Our Thoughts On The Passing Of John Wetton!


Like many, I first became aware of John Wetton as a member of '80s prog supergroup Asia.

Not a fan of prog-rock, per se, it was impossible to deny the accessibility of Asia's now-legendary debut album and the band's ability to compete on the pop charts against the likes of Olivia Newton-John at her most physical, Survivor at their Rocky-est, and, er, Hall & Oates at their oatiest.

With hits like "Heat of The Moment", "Only Time Will Tell", and an album that would spend nine weeks at #1, Asia quickly dispelled whatever doubts anyone may have had about four veteran musicians surviving in the age of MTV.

Knowing the egos involved - Steve Howe (Yes), Carl Palmer (ELP), Wetton (UK/King Crimson) and Geoff Downes (Buggles, Yes) - one had to be amazed that such potentially volatile personalities could co-exist long enough to complete an album, much less one that would come to define the careers of all involved.



Of course, if there weren't tensions before the album became successful, tensions between Steve Howe and Wetton would ultimately reach a boiling point, resulting in Wetton's departure from the band on the eve of a worldwide live concert MTV broadcast. Carl Palmer's former bandmate Greg Lake would step in at the last minute and turn in a performance that was better than it had any right to be, giving those of us who'd been disappointed in Alpha hope that Asia would return to form.

What none of us knew then was that Wetton, knowing the worldwide MTV broadcast was too soon to cancel, had given the band an ultimatum: "Either Steve Howe goes or I go."

Band leader Geoff Downes informed Wetton that Howe was staying. Incensed, Wetton stormed out of rehearsals, potentially throwing the whole highly-publicized event into the toilet at great expense to the band, tour promoters, and, most of all, MTV.



Even as a teenager, this writer found Wetton's decision to abandon the band on the eve of their worldwide performance highly unprofessional, but seemingly par for the course in the world of prog-rock, where one literally needs a Pete Frame Family Tree just to keep track of all the comings and goings of the many ego-driven, mercurial prog-rock musicians in bands like Yes, Asia, Crimson, et al.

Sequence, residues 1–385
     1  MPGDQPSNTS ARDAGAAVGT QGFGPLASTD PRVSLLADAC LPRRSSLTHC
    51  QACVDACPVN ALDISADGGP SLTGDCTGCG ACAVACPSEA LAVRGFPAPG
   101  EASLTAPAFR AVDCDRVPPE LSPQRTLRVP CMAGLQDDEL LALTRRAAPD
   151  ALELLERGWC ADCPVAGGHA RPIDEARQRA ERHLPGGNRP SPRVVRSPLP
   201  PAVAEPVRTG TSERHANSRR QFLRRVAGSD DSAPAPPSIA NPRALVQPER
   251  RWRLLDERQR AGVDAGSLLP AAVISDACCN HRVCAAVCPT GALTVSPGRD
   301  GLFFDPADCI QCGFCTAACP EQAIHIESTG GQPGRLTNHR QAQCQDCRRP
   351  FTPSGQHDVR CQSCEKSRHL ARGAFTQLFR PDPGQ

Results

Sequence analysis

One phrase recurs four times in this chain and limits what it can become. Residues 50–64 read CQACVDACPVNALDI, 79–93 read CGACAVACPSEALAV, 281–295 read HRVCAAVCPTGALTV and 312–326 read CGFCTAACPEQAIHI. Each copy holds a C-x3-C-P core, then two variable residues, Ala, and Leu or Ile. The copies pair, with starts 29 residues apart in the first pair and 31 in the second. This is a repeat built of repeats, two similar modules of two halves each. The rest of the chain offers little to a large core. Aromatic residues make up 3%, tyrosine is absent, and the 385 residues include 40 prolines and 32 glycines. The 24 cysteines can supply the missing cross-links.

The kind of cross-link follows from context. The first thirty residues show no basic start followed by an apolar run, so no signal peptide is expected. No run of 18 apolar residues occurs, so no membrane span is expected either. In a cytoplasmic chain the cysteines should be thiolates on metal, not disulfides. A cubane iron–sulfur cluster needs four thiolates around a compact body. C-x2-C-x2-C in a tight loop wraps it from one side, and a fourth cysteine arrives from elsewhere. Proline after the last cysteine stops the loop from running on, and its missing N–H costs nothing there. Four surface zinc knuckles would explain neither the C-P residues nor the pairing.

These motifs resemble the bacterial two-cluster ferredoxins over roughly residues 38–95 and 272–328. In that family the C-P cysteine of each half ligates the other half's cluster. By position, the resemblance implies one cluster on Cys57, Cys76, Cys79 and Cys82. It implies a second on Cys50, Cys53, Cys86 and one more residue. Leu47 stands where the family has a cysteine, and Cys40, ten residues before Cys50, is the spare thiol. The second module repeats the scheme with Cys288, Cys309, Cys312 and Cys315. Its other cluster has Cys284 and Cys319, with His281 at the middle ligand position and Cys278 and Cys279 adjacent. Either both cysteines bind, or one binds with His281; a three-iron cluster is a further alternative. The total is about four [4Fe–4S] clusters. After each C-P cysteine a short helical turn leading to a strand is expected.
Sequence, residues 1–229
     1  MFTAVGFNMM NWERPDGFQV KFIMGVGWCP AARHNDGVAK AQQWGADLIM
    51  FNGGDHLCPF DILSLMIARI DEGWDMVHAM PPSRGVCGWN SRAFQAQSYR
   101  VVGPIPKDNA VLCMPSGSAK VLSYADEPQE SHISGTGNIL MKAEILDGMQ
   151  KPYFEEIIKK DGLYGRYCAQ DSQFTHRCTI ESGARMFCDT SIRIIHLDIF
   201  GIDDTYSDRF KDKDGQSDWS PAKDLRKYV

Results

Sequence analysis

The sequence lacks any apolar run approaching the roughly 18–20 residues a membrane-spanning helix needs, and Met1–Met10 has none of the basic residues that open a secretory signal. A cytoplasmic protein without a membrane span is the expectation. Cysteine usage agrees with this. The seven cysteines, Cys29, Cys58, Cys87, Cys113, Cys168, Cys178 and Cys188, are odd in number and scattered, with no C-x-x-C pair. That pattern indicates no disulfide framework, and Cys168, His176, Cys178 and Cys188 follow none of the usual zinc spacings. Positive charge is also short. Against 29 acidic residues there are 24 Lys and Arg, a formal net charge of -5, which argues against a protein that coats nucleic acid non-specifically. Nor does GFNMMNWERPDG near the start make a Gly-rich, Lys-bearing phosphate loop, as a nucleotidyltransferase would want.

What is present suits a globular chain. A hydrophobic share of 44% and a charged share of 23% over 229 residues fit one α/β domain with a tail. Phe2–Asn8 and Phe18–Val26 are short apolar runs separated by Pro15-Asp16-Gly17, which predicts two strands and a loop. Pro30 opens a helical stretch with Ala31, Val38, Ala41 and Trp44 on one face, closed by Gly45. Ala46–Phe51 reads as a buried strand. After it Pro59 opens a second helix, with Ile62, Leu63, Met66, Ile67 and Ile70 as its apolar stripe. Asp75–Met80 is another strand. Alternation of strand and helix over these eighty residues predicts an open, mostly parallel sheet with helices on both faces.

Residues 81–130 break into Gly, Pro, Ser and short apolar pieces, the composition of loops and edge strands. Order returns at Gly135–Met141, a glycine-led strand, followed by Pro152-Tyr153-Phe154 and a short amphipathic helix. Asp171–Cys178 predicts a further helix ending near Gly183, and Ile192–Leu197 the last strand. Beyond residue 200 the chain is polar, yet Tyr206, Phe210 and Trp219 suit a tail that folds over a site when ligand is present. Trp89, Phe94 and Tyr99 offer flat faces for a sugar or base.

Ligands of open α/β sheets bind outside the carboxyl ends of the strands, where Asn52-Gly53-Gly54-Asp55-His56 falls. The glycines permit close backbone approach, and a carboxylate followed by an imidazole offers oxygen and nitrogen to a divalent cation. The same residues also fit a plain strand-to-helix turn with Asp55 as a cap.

To his credit, Carl Palmer's former bandmate Greg Lake, with only a few days to prepare, stepped in at the last minute and performed admirably, giving many fans hope that he would continue as the band's singer.

Incredulously, Wetton would return to the band months later and succeed in getting Howe fired and replaced by, of all people, the guitarist from Krokus (Mandy Meyer).



The failure of their third album, Astra, would then lead Wetton to leave the band yet again, but not before bringing in David Cassidy (yes, THAT David Cassidy) to co-write and produce a track ("Praying 4 A Miracle") for their cobbled-together Then And Now album.

His second departure cleared the way for Steve Howe to return to the band in 1992 while
Wetton would not return to the band until 2008, when all four original members reunited for the Omega album. Whatever tensions between Howe and Wetton that had plagued the band throughout the '80s seemed to have finally dissipated and the original line-up would remain intact for three albums until Steve Howe's retirement from the band in 2013.

While Asia had been tapped as Journey's support act this summer, Wetton bowed out to continue his fight with cancer in hopes that he could return to the band as soon as possible. Sadly, before such a day could come, Wetton would lose his battle with the dreadful disease, leaving behind a very respectable musical legacy that, despite numerous upheavals, has stood the test of time.

Superior St. Rehearsal Facility

1 comment:

  1. John did not give the band an ultimatum over Steve Howe. Management fired him, very unfairly. Ask his widow, Lisa Wetton, or Geoffrey Downes, for the accurate account.

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